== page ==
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Journal of Autism and Developmental Disorders

, Volume 45, Issue 1, pp 75–89 | Cite as

Evaluating Posed and Evoked Facial Expressions of Emotion from Adults with Autism Spectrum Disorder

  • Daniel J. Faso
  • Noah J. SassonEmail author
  • Amy E. Pinkham
Original Paper

Abstract

Though many studies have examined facial affect perception by individuals with autism spectrum disorder (ASD), little research has investigated how facial expressivity in ASD is perceived by others. Here, naïve female observers (n = 38) judged the intensity, naturalness and emotional category of expressions produced by adults with ASD (n = 6) and typically developing (TD) adults (n = 6) in both a posed condition and an evoked condition in which emotions were naturalistically elicited and validated. ASD expressions were rated as more intense and less natural than TD expressions but contrary to prediction were identified with greater accuracy, an effect driven primarily by angry expressions. Naturalness ratings of evoked expressions were positively associated with identification accuracy for TD but not ASD individuals. Collectively, these findings highlight differences, but not a reduction, in facial expressivity in ASD that do not hinder emotion recognition accuracy but may affect social interaction quality.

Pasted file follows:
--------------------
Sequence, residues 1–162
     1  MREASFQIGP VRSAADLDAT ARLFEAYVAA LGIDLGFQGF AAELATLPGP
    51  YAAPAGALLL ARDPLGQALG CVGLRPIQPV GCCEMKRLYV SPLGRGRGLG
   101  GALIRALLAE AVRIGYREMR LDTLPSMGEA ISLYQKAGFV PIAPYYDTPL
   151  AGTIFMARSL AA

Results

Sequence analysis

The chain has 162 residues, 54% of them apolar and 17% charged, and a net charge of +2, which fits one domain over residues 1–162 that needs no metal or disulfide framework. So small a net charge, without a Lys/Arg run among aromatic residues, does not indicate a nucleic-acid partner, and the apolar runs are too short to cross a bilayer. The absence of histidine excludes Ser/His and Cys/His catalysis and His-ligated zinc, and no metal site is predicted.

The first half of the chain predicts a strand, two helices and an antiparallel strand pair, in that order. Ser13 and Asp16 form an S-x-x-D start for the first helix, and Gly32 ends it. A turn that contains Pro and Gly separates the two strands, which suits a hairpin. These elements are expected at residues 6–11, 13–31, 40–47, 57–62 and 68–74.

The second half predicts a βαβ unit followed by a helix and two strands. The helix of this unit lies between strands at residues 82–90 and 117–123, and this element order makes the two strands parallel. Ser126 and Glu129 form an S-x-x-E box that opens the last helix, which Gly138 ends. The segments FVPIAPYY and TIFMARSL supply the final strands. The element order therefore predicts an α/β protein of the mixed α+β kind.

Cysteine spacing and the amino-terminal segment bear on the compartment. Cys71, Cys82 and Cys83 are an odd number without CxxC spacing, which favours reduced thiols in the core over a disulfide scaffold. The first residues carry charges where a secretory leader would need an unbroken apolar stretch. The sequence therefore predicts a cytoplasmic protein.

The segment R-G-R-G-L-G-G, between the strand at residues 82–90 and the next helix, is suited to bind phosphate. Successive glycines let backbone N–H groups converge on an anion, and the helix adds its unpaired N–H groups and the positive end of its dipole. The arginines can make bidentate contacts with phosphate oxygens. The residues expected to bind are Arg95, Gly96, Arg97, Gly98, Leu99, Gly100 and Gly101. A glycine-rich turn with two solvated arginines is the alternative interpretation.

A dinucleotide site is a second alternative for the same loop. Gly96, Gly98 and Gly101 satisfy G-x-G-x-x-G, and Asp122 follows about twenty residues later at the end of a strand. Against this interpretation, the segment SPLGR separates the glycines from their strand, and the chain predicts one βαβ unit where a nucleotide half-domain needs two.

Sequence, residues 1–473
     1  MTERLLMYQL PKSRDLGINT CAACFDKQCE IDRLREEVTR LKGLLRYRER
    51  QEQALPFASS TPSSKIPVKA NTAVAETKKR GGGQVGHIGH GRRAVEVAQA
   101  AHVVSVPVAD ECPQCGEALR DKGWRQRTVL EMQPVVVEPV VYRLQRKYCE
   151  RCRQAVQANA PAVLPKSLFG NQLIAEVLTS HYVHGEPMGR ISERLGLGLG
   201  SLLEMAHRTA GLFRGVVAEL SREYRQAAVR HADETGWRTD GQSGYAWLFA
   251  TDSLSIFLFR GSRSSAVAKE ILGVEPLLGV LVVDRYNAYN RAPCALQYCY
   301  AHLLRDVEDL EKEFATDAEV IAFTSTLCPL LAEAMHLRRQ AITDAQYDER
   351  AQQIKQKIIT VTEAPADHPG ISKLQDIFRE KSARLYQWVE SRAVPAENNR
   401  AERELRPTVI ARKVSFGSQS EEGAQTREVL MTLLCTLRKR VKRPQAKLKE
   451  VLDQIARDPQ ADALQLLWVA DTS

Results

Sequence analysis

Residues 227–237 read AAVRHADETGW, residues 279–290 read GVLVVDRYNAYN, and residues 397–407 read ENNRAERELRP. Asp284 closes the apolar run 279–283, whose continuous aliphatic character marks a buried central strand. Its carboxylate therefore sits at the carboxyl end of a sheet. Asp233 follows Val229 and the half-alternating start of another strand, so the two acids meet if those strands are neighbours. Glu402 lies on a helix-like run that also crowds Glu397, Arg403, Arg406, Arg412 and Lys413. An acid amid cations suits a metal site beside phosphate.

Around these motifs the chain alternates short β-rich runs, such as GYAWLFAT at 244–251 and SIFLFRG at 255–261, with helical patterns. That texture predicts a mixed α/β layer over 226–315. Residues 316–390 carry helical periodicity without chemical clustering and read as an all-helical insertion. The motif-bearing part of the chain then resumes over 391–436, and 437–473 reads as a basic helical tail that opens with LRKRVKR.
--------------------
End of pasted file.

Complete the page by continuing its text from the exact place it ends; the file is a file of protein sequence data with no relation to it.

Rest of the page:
Keywords

Faces Expressivity Emotion Affect Social interaction 

Notes

Acknowledgments

The authors wish to thank the individuals who participated in the study, and the Nonpareil Institute of Plano, TX for helping with participant recruitment. We also extend our gratitude to Claire Noonan, Hsin-Fen Yang, Claire Simpson and Leila Mustafa for helping with data collection, Dr. Nyaz Didehbani and Dr. Michelle Kandalaft for assisting with clinical assessments, and Dr. Alice O’Toole and Cameron Siler for providing photography studio equipment. Finally, we greatly appreciate the helpful comments and suggestions provided by Dr. Candice Mills and Dr. Alice O’Toole on a previous version of this manuscript.

Conflict of interest

The authors declare that they have no conflict of interest.

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Copyright information

© Springer Science+Business Media New York 2014

Authors and Affiliations

  • Daniel J. Faso
    • 1
  • Noah J. Sasson
    • 1
    Email author
  • Amy E. Pinkham
    • 2
    • 3
  1. 1.School of Behavioral and Brain SciencesThe University of Texas at DallasRichardsonUSA
  2. 2.Southern Methodist UniversityDallasUSA
  3. 3.University of Texas Southwestern Medical SchoolDallasUSA

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